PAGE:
Flexible friends

Tes Editorial

In a school where almost half the pupils are Portuguese-speaking, collecting data on that specific group's achievements is common sense.

Christopher Toye, headteacher of Wyvil Primary in Vauxhall, London, has seen a large rise in such pupils, whose families are mostly from Madeira, but also from Cap Verde, Angola and Brazil.

So his staff monitor how groups of pupils perform compared to each other, not just in tests, but in the school's behavioural records, reward and achievement records and on the gifted and talented register. The information is used to target extra staff and resources where they are most effective. The Government is proposing that local authorities have a similar flexibility.

Mr Toye supports local flexibility. He said: "The data we collect helps combat any issues that come from a particular group's background. We try to ensure our own systems are not creating difficulties or holding back any of the children.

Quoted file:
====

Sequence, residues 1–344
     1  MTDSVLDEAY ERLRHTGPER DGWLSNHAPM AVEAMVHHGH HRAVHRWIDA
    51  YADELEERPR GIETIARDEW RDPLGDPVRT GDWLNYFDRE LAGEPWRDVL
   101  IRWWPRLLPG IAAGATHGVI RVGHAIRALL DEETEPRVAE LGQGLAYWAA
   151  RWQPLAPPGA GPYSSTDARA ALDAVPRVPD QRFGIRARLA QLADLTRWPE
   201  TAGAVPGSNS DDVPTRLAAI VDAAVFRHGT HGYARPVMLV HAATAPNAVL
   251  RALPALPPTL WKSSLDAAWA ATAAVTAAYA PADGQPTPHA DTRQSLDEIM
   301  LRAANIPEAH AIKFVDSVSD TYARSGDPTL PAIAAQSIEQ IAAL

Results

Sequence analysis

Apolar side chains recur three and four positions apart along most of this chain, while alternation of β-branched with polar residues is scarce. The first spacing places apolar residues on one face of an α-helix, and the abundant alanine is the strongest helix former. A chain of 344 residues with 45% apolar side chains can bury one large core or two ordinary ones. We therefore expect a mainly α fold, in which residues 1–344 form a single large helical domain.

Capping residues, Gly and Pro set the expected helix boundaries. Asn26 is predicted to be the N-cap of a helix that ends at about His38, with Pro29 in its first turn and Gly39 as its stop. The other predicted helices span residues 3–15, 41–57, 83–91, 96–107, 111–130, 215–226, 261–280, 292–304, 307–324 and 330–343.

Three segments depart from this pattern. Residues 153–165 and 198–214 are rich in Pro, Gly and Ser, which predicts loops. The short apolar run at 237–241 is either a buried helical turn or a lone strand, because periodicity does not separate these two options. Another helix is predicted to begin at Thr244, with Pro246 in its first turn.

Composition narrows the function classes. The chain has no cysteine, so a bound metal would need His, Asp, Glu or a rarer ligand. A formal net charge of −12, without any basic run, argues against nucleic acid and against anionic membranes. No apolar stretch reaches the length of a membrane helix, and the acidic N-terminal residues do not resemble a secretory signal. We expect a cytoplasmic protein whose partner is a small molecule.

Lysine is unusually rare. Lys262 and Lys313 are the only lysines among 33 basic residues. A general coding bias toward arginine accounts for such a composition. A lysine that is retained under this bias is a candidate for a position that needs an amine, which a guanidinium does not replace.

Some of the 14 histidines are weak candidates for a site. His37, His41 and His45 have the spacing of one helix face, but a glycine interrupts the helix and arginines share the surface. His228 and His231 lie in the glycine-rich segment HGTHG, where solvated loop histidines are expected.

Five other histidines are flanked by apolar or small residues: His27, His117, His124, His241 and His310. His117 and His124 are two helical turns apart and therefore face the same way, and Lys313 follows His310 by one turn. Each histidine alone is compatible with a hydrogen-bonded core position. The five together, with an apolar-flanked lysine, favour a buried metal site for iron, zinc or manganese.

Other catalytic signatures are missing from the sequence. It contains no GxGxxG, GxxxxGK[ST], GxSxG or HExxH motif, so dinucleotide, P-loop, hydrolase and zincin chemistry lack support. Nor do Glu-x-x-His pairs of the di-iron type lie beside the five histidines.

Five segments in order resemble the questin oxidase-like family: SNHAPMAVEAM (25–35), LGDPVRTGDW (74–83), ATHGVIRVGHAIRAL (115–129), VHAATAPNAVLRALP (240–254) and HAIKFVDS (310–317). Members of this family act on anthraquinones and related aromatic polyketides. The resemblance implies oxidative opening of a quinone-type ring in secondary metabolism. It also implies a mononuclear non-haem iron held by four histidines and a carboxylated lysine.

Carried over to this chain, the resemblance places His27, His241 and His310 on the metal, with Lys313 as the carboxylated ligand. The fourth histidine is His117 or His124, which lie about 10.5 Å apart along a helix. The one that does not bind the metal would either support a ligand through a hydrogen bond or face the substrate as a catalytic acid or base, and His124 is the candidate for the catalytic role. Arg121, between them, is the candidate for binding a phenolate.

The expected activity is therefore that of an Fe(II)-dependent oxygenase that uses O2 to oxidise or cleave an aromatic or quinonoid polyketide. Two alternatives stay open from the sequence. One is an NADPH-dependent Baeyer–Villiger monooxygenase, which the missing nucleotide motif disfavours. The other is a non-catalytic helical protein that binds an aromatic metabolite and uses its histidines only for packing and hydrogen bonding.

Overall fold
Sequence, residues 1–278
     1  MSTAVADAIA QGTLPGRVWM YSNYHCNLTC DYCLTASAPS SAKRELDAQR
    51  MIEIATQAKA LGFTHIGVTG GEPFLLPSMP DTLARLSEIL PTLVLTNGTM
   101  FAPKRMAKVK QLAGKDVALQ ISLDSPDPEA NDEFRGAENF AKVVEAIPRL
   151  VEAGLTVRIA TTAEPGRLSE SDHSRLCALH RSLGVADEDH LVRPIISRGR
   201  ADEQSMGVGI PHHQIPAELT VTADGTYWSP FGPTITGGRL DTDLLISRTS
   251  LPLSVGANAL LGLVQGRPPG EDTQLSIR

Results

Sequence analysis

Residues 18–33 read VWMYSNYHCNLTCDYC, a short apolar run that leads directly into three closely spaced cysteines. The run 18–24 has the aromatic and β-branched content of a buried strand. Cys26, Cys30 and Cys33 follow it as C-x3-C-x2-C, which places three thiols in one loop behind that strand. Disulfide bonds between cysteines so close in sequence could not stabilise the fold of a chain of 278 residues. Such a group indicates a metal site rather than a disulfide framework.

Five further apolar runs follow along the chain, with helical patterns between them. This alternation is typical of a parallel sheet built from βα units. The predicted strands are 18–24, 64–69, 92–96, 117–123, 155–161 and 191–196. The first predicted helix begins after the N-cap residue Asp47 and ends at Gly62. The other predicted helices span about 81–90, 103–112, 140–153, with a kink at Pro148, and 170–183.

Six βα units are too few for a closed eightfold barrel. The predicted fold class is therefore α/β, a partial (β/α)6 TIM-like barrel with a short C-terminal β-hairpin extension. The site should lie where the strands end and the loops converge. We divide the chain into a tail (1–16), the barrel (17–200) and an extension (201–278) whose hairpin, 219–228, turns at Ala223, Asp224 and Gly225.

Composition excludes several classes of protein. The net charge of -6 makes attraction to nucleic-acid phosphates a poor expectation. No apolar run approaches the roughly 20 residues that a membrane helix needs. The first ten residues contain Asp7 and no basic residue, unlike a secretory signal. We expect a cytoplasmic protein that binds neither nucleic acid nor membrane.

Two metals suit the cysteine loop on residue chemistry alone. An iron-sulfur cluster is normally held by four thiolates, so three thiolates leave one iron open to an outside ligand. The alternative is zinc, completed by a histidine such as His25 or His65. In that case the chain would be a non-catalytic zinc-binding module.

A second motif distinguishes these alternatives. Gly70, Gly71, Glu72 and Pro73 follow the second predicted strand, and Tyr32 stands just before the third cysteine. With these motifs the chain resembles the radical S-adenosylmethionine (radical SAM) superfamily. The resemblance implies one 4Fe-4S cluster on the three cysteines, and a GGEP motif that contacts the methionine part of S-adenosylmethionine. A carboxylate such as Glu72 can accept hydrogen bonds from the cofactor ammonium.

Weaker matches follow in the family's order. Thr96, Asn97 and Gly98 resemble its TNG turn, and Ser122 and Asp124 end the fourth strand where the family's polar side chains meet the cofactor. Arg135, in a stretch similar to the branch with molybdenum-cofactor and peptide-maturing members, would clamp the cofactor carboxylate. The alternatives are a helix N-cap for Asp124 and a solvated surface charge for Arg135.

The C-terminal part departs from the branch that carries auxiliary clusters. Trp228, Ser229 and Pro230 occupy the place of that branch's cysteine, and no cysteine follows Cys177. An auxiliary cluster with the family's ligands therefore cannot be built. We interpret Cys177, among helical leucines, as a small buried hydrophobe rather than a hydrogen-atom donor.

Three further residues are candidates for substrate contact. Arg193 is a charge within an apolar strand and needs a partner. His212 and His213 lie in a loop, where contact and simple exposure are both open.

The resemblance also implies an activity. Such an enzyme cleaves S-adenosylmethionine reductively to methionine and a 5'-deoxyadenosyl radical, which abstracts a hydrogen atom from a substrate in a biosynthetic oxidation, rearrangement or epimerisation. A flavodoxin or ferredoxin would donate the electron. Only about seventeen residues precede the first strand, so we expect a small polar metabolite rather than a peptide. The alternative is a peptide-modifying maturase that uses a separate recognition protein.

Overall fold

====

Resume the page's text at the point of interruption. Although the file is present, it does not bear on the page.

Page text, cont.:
"Local authorities may similarly identify groups that need support. But I can't imagine many other boroughs needing to set targets for Portuguese heritage pupils. Using the information to inform local decisions is sensible, but just setting overly-complex national targets is an unnecessary level of bureaucracy. Taking that out of the equation seems sensible."

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